# Regions

In Photon, all applications consist of one or more rectangles called regions, which reside in an abstract, three-dimensional event space.

This chapter discusses:

# Photon coordinate space

The Photon coordinate space looks like this:

Photon coordinate space.

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 Unlike the typical Cartesian layout, the lower-right quadrant is the (+,+) quadrant.

The root region has the same dimensions as the entire coordinate space. As a rule, graphics drivers map the display screen to the location shown in the above diagram and place the Photon origin at the upper-left corner of the display screen. (Graphics drivers equate a single Photon coordinate to a single pixel value on your display screen).

# Region coordinates

## Region origins

When an application specifies coordinates within a given region, these are relative to the region's origin. The application specifies this origin when it opens the region.

## Initial dimensions and location

The initial dimensions of a region (i.e. rect argument in PhRegionOpen()) are relative to its origin. These dimensions control the range of the coordinates that the application can use within the region.

Let's look at some examples to get an idea of the relationship between a region's origin and its initial rectangle coordinates. These examples illustrate how opened regions are placed in relation to the root region, which has its origin in the center of the Photon coordinate space.

### Origin at (0,0) and initial rectangle at (0,0)

As a rule, applications use the following approach for regions. (These kinds of regions are described in the section "Photon window manager" of the Photon Architecture appendix.)

Coordinates:
Origin = (0,0)

Upper left of initial rectangle = (0,0)

Lower right of initial rectangle = (100,100)

### Origin at (0,0) and initial rectangle not at (0,0)

The following example shows an approach typically used for regions that fill the entire coordinate space. For example, for the device region and the workspace region, the upper left is (-32000,-32000) and the lower right is (32000,32000).

Coordinates:
Origin = (0,0)

Upper left of initial rectangle = (-50,-50)

Lower right of initial rectangle = (50,50)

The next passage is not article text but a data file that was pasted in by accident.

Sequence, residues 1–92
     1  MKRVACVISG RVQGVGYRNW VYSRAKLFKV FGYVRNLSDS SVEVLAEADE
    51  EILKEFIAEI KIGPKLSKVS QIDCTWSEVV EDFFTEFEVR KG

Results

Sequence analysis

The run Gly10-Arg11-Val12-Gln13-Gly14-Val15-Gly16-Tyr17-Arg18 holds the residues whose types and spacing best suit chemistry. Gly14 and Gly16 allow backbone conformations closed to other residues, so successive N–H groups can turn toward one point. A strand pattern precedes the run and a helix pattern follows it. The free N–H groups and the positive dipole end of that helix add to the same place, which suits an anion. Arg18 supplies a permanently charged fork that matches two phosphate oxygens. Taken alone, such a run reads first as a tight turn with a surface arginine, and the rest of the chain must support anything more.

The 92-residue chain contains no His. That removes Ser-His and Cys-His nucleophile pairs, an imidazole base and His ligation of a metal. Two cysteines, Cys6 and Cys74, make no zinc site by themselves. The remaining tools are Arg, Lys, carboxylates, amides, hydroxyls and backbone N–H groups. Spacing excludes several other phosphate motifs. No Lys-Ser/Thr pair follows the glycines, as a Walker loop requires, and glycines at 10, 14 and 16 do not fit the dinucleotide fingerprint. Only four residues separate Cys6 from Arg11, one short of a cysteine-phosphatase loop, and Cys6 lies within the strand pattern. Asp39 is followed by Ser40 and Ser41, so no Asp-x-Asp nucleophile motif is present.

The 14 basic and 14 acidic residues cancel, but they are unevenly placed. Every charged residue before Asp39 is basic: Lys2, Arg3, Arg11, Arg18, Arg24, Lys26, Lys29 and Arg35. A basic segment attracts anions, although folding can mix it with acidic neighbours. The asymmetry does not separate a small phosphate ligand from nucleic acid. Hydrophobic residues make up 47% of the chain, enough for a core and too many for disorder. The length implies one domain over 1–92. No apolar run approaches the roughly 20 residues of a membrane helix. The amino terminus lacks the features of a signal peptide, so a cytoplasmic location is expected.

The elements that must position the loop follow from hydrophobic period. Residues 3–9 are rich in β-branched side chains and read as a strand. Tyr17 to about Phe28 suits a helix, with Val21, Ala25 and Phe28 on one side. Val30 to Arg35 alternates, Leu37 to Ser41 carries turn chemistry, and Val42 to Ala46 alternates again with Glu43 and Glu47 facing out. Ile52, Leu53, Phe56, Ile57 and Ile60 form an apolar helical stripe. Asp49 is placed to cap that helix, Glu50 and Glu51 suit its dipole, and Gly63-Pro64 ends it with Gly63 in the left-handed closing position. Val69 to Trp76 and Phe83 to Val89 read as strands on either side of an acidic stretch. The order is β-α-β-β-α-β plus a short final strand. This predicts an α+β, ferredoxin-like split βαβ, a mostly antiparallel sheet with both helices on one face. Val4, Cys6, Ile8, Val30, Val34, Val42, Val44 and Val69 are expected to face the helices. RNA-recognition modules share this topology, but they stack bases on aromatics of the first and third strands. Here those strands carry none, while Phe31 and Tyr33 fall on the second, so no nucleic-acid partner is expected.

### Origin not at (0,0) and initial rectangle not at (0,0)

The following example shows how a child's origin can differ from its parent's origin.

Coordinates:
Origin = (-50,-50)

Upper left of initial rectangle = (0,0)

Lower right of initial rectangle = (100,100)

Coordinates are always relative to a region. So when a region is moved, all its children automatically move with it. Likewise, when a region is destroyed, its children are destroyed.

 To become larger than any other of the application's regions, a region must make itself a child of the root region, using PhRegionOpen() or PhRegionChange(). This action severs the region's relationship with its former parent.

# Regions and event clipping

A region can emit or collect events only where it overlaps with its parent. For example, in the following diagram:

• Child 1 can emit or collect events anywhere in its region
• Child 2 can emit or collect events only in the smaller gray area that overlaps with its parent region

Regions and event clipping.

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Because of this characteristic of regions, any portion of a region that doesn't overlap its parent is effectively invisible.

# Placement and hierarchy

## Region hierarchy

In Photon, every region has a parent region. This parent-child relationship results in a region hierarchy with the root region at the top. The following diagram shows the hierarchy of a typical Photon system:

Hierarchy of regions for a typical Photon system.

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## Parent region

The Photon Manager always places child regions in front (i.e. on the user side) of their parents:

 When opening a region, an application specifies the region's parent. If an application opens a region without specifying its parent, the region's parent is set to a default - basic regions become children of the root region and windows become children of the window manager's backdrop region.

## Brother regions

Besides having a parent, a region may have "brothers," i.e. other regions who have the same parent. A region knows about only two of its brothers - the one immediately in front and the one immediately behind.

The following diagram shows a parent with three children, and the relationship that child region 2 has with its brothers: